MR DOWNIE STEWART DEFENDED.
TO THE EDITOR. Sir,—l regret that you should have deemed it necessary to deal with Mr Downie Stewart's speech in the way you did, inasmuch as such criticism tends to destroy his prestige and usefulness in Parliament. This adverse criticism of our provincial members seems to bo a failing with our Otago Press, for in like manner when Sir Robert Stout was Premier he was criticised, especially in the ‘ Daily Times,’ in a way which to me appeared most unjustifiable. Now, in looking over papers of other provincial districts, I find they almost invariably abstain from saying anything against their provincial members likely to injure their standing in Parliament, upless they' h’aVfc 'abased the oWnndeW& rifpbfe'e'd in
them. Now, sir, you do not accuse Mr Stewart of having abused his trust, nor do I see how you could possibly have done so, I have watched Mr Stewart’s career in Parliament, and venture to affirm that I have hitherto found him a good representative, hard working, conscientious, and, as far as_l can judge, possessing the interests of his constituents and the colony at heart. The Press is a power in the State. It should therefore exercise its functions with great discretion. It should stir up members to duty rather than seek occasions for finding frivolous faults with them. My long experience has taught me that members have quite enough to endure without being subject to harsh criticism by the Press.—l am, etc., William H. Reynolds. Dunedin, June 11.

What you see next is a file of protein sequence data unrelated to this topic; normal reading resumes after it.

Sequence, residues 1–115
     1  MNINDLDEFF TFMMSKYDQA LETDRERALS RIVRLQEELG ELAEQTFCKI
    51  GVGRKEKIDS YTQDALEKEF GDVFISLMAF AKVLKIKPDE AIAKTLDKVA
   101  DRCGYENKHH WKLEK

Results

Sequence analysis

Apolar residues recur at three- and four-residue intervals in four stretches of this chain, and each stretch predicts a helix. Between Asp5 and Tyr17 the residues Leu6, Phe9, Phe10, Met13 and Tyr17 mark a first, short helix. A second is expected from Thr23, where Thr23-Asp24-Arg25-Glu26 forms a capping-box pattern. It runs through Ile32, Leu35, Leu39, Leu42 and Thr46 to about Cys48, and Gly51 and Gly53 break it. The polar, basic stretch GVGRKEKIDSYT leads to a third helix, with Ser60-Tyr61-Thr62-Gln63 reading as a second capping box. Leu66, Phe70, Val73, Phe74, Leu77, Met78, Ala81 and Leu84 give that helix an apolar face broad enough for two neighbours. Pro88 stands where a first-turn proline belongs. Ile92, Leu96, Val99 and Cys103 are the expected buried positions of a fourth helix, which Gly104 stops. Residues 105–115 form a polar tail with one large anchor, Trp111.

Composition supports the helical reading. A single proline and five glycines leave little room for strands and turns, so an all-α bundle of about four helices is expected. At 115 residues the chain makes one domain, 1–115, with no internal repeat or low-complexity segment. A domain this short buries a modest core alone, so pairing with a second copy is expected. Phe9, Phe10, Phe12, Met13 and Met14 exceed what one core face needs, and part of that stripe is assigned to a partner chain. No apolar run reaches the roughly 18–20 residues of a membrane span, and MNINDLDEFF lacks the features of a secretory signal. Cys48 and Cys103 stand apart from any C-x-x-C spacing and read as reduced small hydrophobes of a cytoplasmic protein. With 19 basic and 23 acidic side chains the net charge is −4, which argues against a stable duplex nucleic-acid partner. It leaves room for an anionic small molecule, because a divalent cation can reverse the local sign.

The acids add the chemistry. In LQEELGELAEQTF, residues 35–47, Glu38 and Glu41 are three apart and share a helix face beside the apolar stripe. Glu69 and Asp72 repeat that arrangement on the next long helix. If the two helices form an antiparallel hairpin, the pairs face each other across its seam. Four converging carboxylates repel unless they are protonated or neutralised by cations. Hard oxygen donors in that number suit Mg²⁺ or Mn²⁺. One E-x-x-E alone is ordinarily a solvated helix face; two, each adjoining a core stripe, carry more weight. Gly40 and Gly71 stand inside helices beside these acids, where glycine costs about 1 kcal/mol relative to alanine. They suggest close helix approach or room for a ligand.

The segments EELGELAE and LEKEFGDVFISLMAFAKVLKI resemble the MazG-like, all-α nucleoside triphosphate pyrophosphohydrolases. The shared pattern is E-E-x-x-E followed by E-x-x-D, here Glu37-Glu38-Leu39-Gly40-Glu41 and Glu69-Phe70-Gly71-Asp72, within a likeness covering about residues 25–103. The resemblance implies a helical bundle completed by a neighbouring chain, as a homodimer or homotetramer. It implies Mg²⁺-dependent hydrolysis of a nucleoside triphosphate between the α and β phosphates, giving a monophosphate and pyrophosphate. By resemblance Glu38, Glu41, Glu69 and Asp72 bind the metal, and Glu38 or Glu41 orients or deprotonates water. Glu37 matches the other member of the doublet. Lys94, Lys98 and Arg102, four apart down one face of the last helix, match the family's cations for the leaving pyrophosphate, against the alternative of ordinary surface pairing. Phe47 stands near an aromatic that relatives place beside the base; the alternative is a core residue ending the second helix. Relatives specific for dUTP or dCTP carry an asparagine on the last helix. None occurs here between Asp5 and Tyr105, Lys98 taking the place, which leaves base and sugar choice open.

[We are not responsible for the ‘Daily Times but when Mr Reynolds assumes tho role of censor of the Press, he should be careful not to bring “ railing accusations ” against it. Nothing in our article can possibly injure Mr Stewart’s present Parliamentary prestige. But a “ fellow-feeling makes us wondrous kind,” which probably accounts for the sympathy of Mr Reynolds with Mr Uownie Stewart. He admits that we have not accused Mr Stewart of having abused the trust reposed in him, and we agree with him that it is not easy to see how we possibly could do so. We are also ready to admit that Mr Reynolds’s protegi possesses all the qualities assigned to him, “ so far as he can judge," Wherefore, then, is tho honorable gentleman aggrieved ?— Ed, E S.]
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MR DOWNIE STEWART DEFENDED., Evening Star, Issue 7931, 12 June 1889
MR DOWNIE STEWART DEFENDED. Evening Star, Issue 7931, 12 June 1889
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